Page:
Mooney on Theatre’s Hot Tickets for Fringe 2013

Our top picks for Toronto’s hottest theatre festival

Mooney on Theatre’s staff are, in general, a pleasant lot: there’s a reason people think we’re nice! But when Fringe rolls around, there are usually a good dozen assignments which have our writers climbing over each other and arguing like nine-year-olds.

“No fair! You got to review the decadent, juicy cabaret last season!”
“I never get to see Laura Anne Harris! Why can’t it be my turn?”
“If you don’t let me have the piece about gay pick-ups, I’m telling Wayne!”

Well, the dust has settled, the schedules have gone out, and Megan has sent four of us to the naughty corner. But wouldn’t you like to know which shows got our staff most excited? We’ve picked the top 6 most contentious Fringe shows from this summer’s festival and asked the lucky writer who landed the assignment to give us a short blurb on why they’re into it.

So: what are this season’s Mooney on Theatre Hot Tickets? Click the jump and find out!


S. Bear Bergman, one of our longstanding writers (with a new book out soon!) is looking forward to catching Excuse You, which invites audiences to “[c]ome and stand on the other side of the counter and see things from a different perspective. From the limits of frustrated patience to the reasons we keep coming back.” As Bear explains,

I’m a former customer service worker – hotel restaurant, store clerk, tech support call center – and I have story upon story of the ridiculous ways people behave when they can’t get their way. Or don’t know what way they want something. Or are just looking for someone upon whom they can vent the frustrations of their their exceptionally crappy day. So I am looking forward to 90 solid minutes of belly laughs, sympathy eye rolling, and vindication with this show.

Randy McDonald, one of our Fringe correspondents, snatched up Spoon as soon as it came available. This show, set in the highest reaches of the Glad Day Bookshop, explores how queer couples interact with gender roles which scarcely make sense to heterosexuals. If one partner insists on being the “little woman”, where does that leave the other?

I appreciate queer theory, I’ve always liked Glad Day Bookshop, and I quite prefer to use cutlery at a meal. Until I saw Spoon‘s listing in the Toronto Fringe, I never imagined there could be a play bringing these three things together. I really want to see what will happen.


Dana Ewachow picked up Charming Monsters, a gothic-looking ensemble piece about a young man who runs against the current in a small, eldritch town–and the lengths to which the townsfolk go to hide the body. This looks like one of the most heavily-designed pieces in the festival, promising to dazzle audiences with lights and costumes.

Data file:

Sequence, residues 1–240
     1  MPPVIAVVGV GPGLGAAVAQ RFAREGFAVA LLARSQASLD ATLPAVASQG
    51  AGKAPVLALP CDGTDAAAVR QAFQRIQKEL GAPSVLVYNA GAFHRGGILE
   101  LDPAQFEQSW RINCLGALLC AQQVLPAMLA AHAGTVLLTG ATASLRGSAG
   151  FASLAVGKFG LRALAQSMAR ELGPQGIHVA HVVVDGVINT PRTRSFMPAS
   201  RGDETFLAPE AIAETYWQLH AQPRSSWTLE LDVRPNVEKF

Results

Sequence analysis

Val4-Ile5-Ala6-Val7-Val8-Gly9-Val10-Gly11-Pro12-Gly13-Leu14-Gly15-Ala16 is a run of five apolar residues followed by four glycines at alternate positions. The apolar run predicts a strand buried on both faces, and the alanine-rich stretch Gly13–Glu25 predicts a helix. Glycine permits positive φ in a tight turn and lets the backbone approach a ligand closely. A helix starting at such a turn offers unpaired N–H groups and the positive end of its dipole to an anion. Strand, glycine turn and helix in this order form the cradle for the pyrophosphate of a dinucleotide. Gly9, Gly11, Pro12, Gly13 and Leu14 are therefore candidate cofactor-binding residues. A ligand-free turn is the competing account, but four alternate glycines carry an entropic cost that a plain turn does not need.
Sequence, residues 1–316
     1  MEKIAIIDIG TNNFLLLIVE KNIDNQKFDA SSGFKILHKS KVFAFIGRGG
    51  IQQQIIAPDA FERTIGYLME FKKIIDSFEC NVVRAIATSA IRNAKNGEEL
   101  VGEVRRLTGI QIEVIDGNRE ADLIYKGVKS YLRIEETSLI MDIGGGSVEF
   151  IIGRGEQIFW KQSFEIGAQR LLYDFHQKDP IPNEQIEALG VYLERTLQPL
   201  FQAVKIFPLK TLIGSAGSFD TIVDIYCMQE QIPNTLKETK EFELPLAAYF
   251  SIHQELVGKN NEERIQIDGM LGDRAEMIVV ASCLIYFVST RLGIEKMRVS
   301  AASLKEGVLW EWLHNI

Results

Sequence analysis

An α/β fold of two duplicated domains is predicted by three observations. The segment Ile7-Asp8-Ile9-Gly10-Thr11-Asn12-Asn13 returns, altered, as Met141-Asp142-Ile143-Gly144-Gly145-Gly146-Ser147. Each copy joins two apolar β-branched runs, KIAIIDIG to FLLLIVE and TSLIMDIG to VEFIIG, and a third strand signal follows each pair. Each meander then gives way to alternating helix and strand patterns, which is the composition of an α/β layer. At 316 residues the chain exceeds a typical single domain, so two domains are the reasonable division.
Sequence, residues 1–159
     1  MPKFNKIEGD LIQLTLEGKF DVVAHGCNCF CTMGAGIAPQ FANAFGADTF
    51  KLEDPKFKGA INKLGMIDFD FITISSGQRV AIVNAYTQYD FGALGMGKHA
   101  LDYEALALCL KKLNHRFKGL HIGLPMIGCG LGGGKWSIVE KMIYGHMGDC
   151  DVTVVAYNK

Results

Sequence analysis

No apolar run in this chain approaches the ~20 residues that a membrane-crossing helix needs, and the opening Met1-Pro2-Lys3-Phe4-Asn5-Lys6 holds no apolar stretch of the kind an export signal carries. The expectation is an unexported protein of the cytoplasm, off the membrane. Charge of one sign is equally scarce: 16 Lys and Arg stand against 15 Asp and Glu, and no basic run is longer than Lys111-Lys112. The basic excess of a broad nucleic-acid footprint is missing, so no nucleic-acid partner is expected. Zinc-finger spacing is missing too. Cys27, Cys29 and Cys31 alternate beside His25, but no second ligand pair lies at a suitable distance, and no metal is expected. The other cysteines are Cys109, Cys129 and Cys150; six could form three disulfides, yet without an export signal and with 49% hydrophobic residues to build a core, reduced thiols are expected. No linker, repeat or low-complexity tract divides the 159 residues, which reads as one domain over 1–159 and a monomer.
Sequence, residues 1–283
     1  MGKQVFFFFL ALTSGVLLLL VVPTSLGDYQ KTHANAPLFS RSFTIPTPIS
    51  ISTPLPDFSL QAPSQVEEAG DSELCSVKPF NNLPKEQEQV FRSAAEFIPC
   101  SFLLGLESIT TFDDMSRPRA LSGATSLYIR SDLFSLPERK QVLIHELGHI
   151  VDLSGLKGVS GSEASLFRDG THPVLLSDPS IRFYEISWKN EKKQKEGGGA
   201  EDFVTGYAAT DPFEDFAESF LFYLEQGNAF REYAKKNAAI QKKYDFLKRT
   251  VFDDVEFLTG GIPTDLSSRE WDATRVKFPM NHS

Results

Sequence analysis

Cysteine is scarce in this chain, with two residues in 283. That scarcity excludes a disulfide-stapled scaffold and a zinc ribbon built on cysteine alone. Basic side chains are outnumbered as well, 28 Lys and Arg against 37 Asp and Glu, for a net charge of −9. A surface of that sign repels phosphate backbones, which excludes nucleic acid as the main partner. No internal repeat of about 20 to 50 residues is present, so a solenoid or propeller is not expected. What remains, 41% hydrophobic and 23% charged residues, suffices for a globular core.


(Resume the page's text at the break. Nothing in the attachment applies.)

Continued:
I chose Charming Monsters because most of my assignments are for comic pieces, so I felt good to choose something a little more dramatic. The description is confusing. All I know is that the content will be dark and I’m excited to see just how far it will go.


George Perry, another of our longtime correspondents, is so excited about Kill, Sister, Kill that I’m just going to let him speak for himself:

There’s a lot of reasons why I am excited to see Kill, Sister, Kill. The venue itself is great. I always enjoy visiting the Factory Theatre Mainspace. I am always treated to great art there, get to see and meet great people, and their beer garden is splendid! That’s kind of Fringe in a nutshell!

This play really jumped out at me on its own merits, too. The subject matter is New York City back was it was filthy and sick and interesting. That era gave us great Scorsese movies and essential music from Lou Reed, Johnny, Joey and Dee Dee.

Kill, Sister, Kill promises to marry great music and fun, gritty movies. What could be better as the lynchpins of a Fringe play? BTW, the preview trailer is a must see!
Gian Verano beat five other writers to pick up The Effects of Time Travel on Neurotic Homos, which positions itself as “a sharp witted comedy about personal identity and how it evolves with age”. Queer people have midlife crises too, you know–theirs just make for better Fringe shows, is all. And Gian finds that this theme hits close to home:
When I first read the description for this play, I thought, “Well, it’s a little early for somebody to written an autobiography about me”. In my experience, corporate and crazy go hand-in-hand, and we all wish we could undo mistakes we’ve made in the office.  And so I wanted to see what spin the show creators would put on this inescapable reality of modern life. Time travel, neurosis and self-deprecating humour – how could you go wrong?
And, finally, the lovely and talented Lauren Stein, one of our editors, was so excited about Adventure! that she grabbed it at her very first opportunity. A fairytale for adults, Adventure! promises to be a whizz-bang romp through the tropes and themes of the genre. Also there is a tiger.

I’m always seeking adventure, so it just seemed apropos to be automatically and immediately interested in seeing a show called Adventure! I also have an affinity for things that involve knights, jousting, wenches, trumpets, comedy and squires. I also remember seeing Andy Trithardt perform (alongside a friend of mine) in Jeremy Taylor’s Montreal Fringe show The King of Fifteen Island, and only have good memories about it so I figured Adventure! would probably be comparably excellent.

All images provided by the presenting company, C/O Toronto Fringe Festival.